At the conference, Litan said some restaurant chains complained they were facing a six-month to nine-month delay in getting new payment terminals certified to perform transactions. EMVCo, an alliance of Visa, MasterCard and EuroPay, which originally created chip cards decades ago, has a process for certifying terminals.

"I didn't realize there is such a backlog of people who have to be certified," Litan said.

It's unclear whether a retailer that has installed working chip-card payment terminals that are not yet certified will face liability for fraud immediately after Oct. 1, Litan said.

She also said retailers now are being told by banks and card processors to store receipts that have been signed digitally by their customers for purchases. Banks and card companies seem to prefer taking a customer's signature with a chip credit card, rather than have customers memorize a PIN to use with a chip credit card.

"Having the stores save the receipts themselves is almost like going back to the stone ages," Litan said. When Canada converted to chip cards, that nation's retailers at first required chip credit card signatures on a digital screen, but have gradually shifted to requiring a PIN code instead, Litan said.

Picard said he wished the credit card industry would push U.S. consumers to learn a PIN for credit card use, just as they have with debit cards. "Adding that four-digit code to a chip credit card would make things much more secure, so why not take the extra step to go to chip and PIN as well as convert cards to chip cards?" Picard added. "We think consumers are pretty smart and savvy at remembering a four-digit number."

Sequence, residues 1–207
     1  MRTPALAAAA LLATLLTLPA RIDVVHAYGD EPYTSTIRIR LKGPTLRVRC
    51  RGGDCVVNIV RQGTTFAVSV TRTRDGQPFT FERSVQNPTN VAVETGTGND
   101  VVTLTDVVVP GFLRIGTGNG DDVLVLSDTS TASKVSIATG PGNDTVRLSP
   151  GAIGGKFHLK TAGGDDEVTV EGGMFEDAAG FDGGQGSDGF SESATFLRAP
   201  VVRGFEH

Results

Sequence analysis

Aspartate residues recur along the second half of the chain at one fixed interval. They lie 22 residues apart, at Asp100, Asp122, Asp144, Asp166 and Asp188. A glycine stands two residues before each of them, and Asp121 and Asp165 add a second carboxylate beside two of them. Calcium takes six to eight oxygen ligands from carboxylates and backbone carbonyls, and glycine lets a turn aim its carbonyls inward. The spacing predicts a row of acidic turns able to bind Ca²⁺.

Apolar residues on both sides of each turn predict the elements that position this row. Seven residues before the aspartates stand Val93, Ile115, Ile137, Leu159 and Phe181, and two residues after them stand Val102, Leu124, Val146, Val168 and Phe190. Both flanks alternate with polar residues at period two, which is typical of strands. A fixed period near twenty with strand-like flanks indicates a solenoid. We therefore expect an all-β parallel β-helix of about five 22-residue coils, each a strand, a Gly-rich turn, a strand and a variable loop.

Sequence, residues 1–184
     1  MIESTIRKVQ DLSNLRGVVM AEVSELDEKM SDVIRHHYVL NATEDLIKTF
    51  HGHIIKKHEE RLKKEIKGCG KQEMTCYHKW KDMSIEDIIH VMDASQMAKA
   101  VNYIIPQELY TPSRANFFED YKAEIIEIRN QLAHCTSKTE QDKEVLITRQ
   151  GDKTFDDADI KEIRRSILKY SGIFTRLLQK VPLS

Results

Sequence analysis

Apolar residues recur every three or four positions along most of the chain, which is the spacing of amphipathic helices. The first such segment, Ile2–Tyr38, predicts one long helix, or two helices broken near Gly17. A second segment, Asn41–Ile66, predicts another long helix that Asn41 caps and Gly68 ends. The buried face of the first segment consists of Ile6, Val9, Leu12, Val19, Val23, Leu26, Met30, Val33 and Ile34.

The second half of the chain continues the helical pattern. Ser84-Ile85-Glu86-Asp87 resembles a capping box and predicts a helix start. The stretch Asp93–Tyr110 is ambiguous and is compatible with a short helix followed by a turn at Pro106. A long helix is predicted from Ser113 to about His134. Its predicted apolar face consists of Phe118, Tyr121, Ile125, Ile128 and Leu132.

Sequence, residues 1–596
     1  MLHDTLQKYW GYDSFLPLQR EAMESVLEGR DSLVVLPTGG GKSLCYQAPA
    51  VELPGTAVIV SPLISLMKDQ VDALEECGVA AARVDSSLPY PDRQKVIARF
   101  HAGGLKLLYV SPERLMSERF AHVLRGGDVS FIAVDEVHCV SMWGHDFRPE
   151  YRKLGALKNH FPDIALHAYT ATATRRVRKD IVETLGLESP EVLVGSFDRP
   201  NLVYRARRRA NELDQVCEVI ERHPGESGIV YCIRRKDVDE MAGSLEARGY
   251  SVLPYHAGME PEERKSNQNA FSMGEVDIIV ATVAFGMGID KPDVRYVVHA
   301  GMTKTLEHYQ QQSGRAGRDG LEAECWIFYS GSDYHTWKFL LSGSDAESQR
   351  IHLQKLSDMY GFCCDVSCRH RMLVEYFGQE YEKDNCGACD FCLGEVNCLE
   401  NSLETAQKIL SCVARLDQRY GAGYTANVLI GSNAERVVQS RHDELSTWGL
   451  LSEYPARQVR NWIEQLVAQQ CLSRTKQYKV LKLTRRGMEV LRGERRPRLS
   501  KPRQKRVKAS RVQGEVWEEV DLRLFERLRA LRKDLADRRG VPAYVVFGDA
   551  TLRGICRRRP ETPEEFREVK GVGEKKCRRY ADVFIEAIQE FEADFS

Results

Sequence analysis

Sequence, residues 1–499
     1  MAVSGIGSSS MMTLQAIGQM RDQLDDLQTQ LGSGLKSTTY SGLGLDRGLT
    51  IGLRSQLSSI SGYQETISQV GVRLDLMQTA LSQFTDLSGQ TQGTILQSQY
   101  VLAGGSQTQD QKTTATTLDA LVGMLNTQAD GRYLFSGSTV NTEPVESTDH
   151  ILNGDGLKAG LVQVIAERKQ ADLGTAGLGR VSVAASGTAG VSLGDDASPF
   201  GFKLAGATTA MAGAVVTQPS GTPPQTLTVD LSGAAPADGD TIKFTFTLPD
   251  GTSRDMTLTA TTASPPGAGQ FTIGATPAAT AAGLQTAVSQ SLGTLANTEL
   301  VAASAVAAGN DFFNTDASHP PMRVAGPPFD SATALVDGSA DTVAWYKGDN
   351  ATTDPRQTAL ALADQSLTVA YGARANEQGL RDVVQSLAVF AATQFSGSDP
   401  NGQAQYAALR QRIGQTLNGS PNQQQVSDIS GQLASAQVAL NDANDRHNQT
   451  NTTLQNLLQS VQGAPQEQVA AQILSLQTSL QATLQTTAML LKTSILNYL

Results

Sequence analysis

Using a PIN instead of accepting a signature would protect against theft or loss of a chip card, since a thief would also need to know the PIN to buy something with the card, said Jordan McKee, an analyst at 451 Research.

"The big worry we have with the chip conversion is particularly for small and medium businesses," McKee said. "Many of them simply don't see the need for chip cards or any clear return on investment. To them, it's just the next shiny object that they constantly get pitched on."

McKee has also urged reluctant retailers to convert warning that if they keep using magnetic stripe technology, thieves will inevitably migrate to their businesses. "Those still married to magnetic stripe are the easiest to attack from the fraud standpoint," he noted.

McKee said a 451 Research survey of 154 businesses with fewer than 20 workers conducted in September showed just 14% had adopted chip terminals, and that nearly two-thirds won't be ready by Oct. 1.

"It's very easy to counterfeit a magnetic stripe card, and all you need, basically, is a magnetic-tape card reader to get a 16-digit card number and other data," he said. "But a chip card protects that sensitive data on a microchip. It would be cost-prohibitive to attack that chip at scale, and it's never been done effectively."

Consumers won't incur any liability for fraudulent use of their new chip cards, just the same as today with magnetic stripe cards. In fact, several surveys show that roughly half of Americans generally have no idea what a chip card is or whether it is even more secure.

This story, "Chip-card conversion has retailers anxious" was originally published by Computerworld.

Copyright © 2015 IDG Communications, Inc.